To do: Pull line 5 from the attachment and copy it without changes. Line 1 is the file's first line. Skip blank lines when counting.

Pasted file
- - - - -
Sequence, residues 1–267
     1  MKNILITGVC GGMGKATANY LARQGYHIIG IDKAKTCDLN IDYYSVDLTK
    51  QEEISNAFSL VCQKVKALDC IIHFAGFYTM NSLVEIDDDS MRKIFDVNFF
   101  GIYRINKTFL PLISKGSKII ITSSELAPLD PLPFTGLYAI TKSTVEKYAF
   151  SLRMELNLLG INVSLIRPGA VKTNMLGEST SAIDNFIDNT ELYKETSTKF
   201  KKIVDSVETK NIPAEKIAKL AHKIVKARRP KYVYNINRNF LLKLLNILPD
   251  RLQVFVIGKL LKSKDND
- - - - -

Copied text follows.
   151  SLRMELNLLG INVSLIRPGA VKTNMLGEST SAIDNFIDNT ELYKETSTKF